Emma Reed is one of two new Harriet Evelyn Wallace Scholars for 2015-2016. Emma is attending the University of Arizona in the Department of Geosciences. Her research uses geochemical and banding proxies from coral records to investigate climate variability. She is using coral cores from three different sites in the northern Great Barrier Reef to provide more comprehensive insight into the environmental stressors. Reed is investigating how corals responded to changing climate patterns in the past to understand how they might react to current climate change. She will be conducting field work in Australia this summer to continue this research.
MS - Annette Patton
Annette Patton is the second new recipient of the Harriet Evelyn Wallace Scholarship for 2015-2016. Annette is investigating the September 2013 Colorado mass movement events while pursuing her Master’s at Colorado State University in the Department of Geosciences. She will be conducting fieldwork in 2015 using ground-based surveys of the 2013 deposits, analyzing geospatial data including aerial imagery, topographic data and historic photos.Her work is particularly salient because the mass movements deposited significant sediment loads to streams, impacted building infrastructures and set the stage for investigating ongoing geologic hazards. Results from her research will facilitate increased hazard awareness and public safety.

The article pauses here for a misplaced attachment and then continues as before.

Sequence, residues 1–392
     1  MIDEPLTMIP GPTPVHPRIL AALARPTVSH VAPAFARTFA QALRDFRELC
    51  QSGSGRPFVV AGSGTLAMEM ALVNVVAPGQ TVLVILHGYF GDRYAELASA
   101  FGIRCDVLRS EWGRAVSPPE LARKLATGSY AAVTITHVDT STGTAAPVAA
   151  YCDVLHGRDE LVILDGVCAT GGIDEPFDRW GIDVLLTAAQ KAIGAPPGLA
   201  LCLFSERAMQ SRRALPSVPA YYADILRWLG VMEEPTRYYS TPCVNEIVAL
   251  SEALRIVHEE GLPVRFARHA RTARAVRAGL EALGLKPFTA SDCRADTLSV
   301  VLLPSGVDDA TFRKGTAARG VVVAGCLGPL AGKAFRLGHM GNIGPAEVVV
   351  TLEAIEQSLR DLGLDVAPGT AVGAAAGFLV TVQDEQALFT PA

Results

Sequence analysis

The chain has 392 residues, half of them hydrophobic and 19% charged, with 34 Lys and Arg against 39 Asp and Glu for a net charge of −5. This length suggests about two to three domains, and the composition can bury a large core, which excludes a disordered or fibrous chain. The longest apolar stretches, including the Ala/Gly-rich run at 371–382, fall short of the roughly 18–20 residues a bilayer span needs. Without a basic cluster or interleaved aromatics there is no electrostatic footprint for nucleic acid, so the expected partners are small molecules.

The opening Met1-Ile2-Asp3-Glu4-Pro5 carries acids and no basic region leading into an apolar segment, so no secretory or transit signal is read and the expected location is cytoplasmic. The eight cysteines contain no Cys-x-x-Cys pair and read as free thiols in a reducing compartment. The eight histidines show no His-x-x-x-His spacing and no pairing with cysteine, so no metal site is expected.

2013-2015 Wallace Scholars
PhD - Elizabeth Denis